mmmthe quest

Nowhere is the disproportion between effort and result more aggravating than in the pursuit of truth: you may plow through documents or make untold experiments or think and think and think, forgo food, comfort, and distractions, lie awake nights and eat your heart out — and in the end you know what can be memorized by any idiot.

What is the alternative? To suffer the tyranny of arbitrary falsehood and deception. Many truths cease to seem trite as soon as one views them as triumphs over prejudice, indifference, and dishonesty. To teach a truth without giving others some experience of the quest, the passion, the heartbreak is a crime.


“Modern philosophy has not yielded any remotely acceptable picture of man. Many philosophers would object that such an attempt would be psychology, not philosophy — as if there had ever been a great philosopher who did not offer a psychology and a picture of man. As if Plato and Aristotle had worried about trespassing on psychology. Or Spinoza. Or Hume. Or the utilitarians. Or Nietzsche. If modern psychology has produced major insights, let the philosopher use them.”

milan kundera — art of the novel

Man desires a world where good and evil can be clearly distinguished, for he has an innate and irrepressible desire to judge before he understands. Religions and ideologies are founded on this desire.”

“It is precisely in losing the certainty of truth and the unanimous agreement of others that man becomes an individual. The novel is the imaginary paradise of individuals.”

“The novel’s wisdom is different from that of philosophy. The novel is born not of the theoretical spirit but of the spirit of humor. One of Europe’s major failures is that it never understood the most European of the arts – the novel; neither its spirit, nor its great knowledge and discoveries, nor the autonomy of its history. The art inspired by God’s laughter does not by nature serve ideological certitudes, it contradicts them. Like Penelope, it undoes each night the tapestry that the theologians, philosophers and learned men have woven the day before …”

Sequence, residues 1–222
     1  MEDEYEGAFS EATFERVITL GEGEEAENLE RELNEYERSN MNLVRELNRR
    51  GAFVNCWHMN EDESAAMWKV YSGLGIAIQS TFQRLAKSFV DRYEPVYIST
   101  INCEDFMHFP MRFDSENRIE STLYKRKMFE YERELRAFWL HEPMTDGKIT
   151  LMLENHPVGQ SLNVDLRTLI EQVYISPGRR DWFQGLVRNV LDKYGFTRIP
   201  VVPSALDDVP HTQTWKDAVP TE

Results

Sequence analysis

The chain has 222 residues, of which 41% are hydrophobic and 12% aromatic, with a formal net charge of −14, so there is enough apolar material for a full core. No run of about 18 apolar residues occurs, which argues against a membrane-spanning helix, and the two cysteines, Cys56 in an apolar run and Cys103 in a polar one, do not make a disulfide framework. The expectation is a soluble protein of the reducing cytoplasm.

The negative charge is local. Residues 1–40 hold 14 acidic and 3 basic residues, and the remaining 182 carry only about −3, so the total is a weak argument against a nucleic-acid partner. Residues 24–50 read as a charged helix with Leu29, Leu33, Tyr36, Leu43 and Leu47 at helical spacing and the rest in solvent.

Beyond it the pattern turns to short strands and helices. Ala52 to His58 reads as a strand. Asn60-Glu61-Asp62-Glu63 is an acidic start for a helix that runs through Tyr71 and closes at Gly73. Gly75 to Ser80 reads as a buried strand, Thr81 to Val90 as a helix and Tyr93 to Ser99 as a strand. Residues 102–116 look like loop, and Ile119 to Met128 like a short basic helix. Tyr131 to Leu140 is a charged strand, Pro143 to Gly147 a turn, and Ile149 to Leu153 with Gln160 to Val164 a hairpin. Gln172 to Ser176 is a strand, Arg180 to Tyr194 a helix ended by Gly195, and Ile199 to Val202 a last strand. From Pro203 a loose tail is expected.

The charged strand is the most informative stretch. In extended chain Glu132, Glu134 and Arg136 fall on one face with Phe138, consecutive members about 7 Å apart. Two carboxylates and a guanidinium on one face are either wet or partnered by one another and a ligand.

The novel’s spirit is the spirit of complexity. Every novel says to the reader: “Things are not as simple as you think.” That is the novel’s eternal truth, but it grows steadily harder to hear amid the din of easy, quick answers that come faster than the question and block it off. In the spirit of our time, it’s either Anna or Karenin who is right, and the ancient wisdom of Cervantes, telling us about the difficulty of knowing and the elusiveness of truth, seems cumbersome and useless. …

A novel examines not reality but existence. And existence is not what has occurred, existence is the realm of human possibilities, everything that man can become, everything he’s capable of. Novelists draw up the map of existence by discovering this or that human possibility.


First, one thing is certain: the moment it becomes part of a novel, reflection changes its essence. Outside the novel we are in the realm of affirmation: everyone is sure of his statements: the politician, the philosopher, the concierge. Within the universe of the novel, however, no one affirms: it is the realm of play and hypotheses. In the novel then reflection is essentially inquiring, hypothetical … ideas are intellectual exercises, paradox games, improvisations, rather than statements of thought. Inside the novel, dogmatic thought turns hypothetical.




UNCERTAINTY: Living with no supernatural justifications,
no complete explanations, no promise of permanent
stability, with guides of merely probable validity.